It seems the Australian Tax Office (ATO) are never happy with the amount of tax we pay.
A recent ATO announcement may actually support this theory and is probably sufficient evidence to support their latest crackdown, where there will be an increased scrutiny of expenses claimed in individual income tax returns for the 2018 tax year.
The ATO has just released results of a study they conducted which shows the estimated “tax gap” for individuals not in business (ie. salary and wage earners and investors) is approx. $8.7 billion.
This “tax gap” is the discrepancy between the revenue the ATO actually collects and the amount that would be collected if all taxpayers were fully compliant.
In comparison, the “tax gap” for large corporates is approx. $2.4 billion.
The ATO analysis states that this $8.7 billion is due to individuals who:
- over claim deductions for work related expenses
- incorrectly claim deductions for rental property expenses
- omit income, particularly in relation to undeclared cash (approx. $1.4 billion)
This ATO compliance crackdown is being funded by an additional $138 million allocated to them in the 2018 Federal Budget.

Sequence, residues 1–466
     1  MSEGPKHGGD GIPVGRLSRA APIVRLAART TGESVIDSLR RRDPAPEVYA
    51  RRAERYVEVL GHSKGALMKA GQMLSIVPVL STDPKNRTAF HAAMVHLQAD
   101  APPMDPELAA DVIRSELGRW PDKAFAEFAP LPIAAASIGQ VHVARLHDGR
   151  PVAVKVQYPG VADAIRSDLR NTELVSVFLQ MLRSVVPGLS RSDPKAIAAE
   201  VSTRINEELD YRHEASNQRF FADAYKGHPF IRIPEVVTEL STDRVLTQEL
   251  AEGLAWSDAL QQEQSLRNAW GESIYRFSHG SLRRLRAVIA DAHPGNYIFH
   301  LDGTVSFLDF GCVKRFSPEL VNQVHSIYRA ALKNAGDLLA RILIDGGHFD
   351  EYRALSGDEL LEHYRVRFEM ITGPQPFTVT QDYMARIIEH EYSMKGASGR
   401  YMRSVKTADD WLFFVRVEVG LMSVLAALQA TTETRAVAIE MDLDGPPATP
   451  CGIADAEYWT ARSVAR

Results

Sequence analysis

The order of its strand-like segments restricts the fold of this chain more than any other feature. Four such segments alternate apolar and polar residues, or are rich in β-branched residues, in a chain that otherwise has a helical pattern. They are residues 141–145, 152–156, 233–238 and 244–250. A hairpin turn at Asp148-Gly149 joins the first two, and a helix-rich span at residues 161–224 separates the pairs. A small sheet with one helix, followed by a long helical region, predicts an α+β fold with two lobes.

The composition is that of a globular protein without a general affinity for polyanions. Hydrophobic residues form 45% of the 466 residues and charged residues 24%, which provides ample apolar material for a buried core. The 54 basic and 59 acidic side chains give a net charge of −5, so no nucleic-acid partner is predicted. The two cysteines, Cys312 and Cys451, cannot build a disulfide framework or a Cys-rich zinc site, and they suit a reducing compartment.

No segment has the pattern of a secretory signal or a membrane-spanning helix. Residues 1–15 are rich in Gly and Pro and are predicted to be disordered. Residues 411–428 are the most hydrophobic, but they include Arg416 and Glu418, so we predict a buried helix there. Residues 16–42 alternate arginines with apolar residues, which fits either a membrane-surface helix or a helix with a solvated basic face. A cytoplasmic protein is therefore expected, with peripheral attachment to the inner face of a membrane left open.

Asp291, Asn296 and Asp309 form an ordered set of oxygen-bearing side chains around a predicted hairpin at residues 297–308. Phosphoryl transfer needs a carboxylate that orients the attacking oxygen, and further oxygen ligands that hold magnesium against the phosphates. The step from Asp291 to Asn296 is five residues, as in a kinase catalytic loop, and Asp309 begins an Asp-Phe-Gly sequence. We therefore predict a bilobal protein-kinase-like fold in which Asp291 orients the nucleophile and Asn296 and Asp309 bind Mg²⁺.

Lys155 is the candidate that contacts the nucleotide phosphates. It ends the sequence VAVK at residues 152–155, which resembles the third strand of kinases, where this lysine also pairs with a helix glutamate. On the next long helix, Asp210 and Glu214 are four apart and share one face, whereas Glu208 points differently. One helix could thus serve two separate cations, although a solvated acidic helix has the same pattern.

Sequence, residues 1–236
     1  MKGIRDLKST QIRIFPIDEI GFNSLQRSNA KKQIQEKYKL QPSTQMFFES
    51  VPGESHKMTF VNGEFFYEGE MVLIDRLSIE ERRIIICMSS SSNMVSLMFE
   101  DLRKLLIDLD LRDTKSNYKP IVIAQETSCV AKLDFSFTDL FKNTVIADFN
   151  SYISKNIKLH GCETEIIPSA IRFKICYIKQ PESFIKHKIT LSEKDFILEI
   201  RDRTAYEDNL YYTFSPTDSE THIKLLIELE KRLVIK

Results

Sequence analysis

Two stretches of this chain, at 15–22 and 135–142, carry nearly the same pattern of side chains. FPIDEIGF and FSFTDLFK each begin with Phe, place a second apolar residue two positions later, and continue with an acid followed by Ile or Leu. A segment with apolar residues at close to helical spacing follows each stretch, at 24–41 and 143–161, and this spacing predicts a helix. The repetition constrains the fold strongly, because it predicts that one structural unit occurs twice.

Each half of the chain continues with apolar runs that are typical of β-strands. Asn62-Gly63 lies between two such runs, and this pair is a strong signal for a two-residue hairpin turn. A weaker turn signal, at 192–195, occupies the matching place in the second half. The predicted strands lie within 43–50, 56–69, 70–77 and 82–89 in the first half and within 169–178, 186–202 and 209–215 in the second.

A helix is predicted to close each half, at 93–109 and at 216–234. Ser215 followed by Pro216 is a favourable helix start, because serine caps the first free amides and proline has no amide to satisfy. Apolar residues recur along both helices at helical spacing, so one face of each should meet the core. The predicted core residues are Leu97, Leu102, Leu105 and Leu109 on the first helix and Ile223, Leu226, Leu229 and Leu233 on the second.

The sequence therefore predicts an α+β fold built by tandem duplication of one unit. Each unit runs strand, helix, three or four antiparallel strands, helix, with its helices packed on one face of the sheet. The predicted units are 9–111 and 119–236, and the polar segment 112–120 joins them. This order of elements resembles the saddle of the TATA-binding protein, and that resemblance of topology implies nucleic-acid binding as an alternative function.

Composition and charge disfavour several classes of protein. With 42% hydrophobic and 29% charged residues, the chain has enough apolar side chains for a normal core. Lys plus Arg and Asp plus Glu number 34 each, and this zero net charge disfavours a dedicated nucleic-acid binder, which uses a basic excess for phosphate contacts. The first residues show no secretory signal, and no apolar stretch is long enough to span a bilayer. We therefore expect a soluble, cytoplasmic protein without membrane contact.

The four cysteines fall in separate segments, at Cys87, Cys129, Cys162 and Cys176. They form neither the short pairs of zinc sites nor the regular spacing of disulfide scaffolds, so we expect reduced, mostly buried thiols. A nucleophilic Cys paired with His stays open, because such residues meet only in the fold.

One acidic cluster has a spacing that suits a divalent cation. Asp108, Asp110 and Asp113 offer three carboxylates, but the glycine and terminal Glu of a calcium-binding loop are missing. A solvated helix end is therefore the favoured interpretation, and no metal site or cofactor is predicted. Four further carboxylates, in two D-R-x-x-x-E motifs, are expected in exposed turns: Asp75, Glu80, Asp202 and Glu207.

This additional funding will result in stronger regulatory and legislative enforcement by the ATO. As a result we may have additional communications with you, especially during the preparation of your individual returns, to ensure that you comply with what the ATO expect. This is to ensure that, if they do investigate your claims further, there will be no surprises.
So for the preparation of the 2018 individual income tax returns, like always, we will need to ensure that you:
- have actually spent the indicated money on a claimed item, can show how you incurred the cost and how you worked out the claim
- only claim items that are directly related to earning your income and show sufficient connection between the claim and the income earned
- claim only work related expenses and correctly apportion claims between private and work use
The ATO also announced that a random sample of income tax returns they reviewed found an error rate of 72 percent and, while the majority of these mistakes were avoidable, they are concerned with exaggerated or falsified claims. They also said that their research revealed that approximately 20 per cent of tax agents had an exemplary record.
We would expect that we are within this 20%, however, an unfortunate consequence of this increased ATO compliance and renewed interest in this area, is the need to spend the time to ensure your affairs will withstand the closer scrutiny.
If you have any concerns or wish to discuss how your particular affairs are affected by this, don’t hesitate to contact us to discuss.